More free access to medicines
Pharmacy multinational Glaxo decided to offer free access to several potential malaria cures (that is, the patents). On the Wall Street Journal they call it a Linux Approach. Now certainly this is wrongly put in multiple ways. While using the term Linux operating system, they actually mean GNU/Linux. Furthermore they use the term open-source instead of free software. This kind of language is very common nowadays. If people know exactly what is meant by it, it might not be that relevant. People do know which software is meant when the term open-source or free software is used and because of the fact that the set of OSI approved licences are almost identical to the FSF approved licences, these software are mostly the same.
However, this kind of language neglects an important issue, namely that of freedom. The GNU system was originally created with the idea that users would have freedom to use, adapt and redistribute the software in anyway they feel like, and this still is the core idea of free software. This is why it is important to use the terms free software and GNU/Linux.
It seems that I digress... but I'm not. Also in the case of patents it is important that people have the freedom to derive other work from inventions. A temporary monopoly on an invention, with the intent to develop it for the good of society, is morally allowed under certain conditions. In this way inventors feel the urge (a financial stimulance) to produce more inventions and also to develop them and make them public (through a patent registration). But there are several things which should never be patented so that a single company has a monopoly on that patent. One type of such an invention is medicines.
But at this point it is allowed to patent medicines. As long there is no legislation against these kind of moral practices, we should do something to help make patents more free. But pharmaceutical companies want to make a profit. What should these companies do when they want to make money and be moral (give to society) as well? Glaxo did a first move to get back the respect of society. The medicines that they liberated (as it seems) can now also be used by other pharmaceutical companies for the development of derivative medicines, probably without making it free! In the Guardian article I cannot find anything which shows that they thought about this problem. Maybe they did and will use that only for other medicines (for instance against HIV). So, is there a solution for this problem? Yes, there is.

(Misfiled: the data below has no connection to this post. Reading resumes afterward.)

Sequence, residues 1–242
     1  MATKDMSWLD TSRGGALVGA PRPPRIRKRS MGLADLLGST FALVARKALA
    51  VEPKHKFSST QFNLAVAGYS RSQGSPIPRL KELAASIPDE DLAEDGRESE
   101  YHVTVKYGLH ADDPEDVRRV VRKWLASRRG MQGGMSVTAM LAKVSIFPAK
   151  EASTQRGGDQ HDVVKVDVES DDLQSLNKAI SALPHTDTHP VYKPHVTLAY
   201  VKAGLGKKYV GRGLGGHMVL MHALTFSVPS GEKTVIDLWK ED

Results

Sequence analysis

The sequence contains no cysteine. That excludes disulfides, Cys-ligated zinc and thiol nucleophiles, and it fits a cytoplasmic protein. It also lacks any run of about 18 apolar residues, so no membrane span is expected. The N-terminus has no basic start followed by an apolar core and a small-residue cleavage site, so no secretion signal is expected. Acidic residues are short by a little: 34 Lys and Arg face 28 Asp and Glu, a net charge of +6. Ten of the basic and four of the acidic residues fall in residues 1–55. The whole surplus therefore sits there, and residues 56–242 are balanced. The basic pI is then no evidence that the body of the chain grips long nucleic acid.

In the Wall Street Journal article not only the words Linux and open-source should not have been used, but it should also have made clear that copyright is something different from patents. Copyright is used for works of art, while patents are for inventions. But it did make me think about certain aspects of free software and free patents (read for both: Free as in free speach, not free beer). In free software we use the concept of copyleft, like in the GNU GPL. Now, such a thing should be used for medicines as well. Then such an invention may be freely used for anyone, as long as all derivative inventions are also free in precisely the same way. Also they must not be trade secrets and the license must be non-revokable.
As long as patents on medicines are allowed by governments, this is a good way to make available more and more medicines for low costs, so that everyone can pay for them. Also this kind of patent license can be used for all types of inventions, giving even more to society than their health. But let's start with that.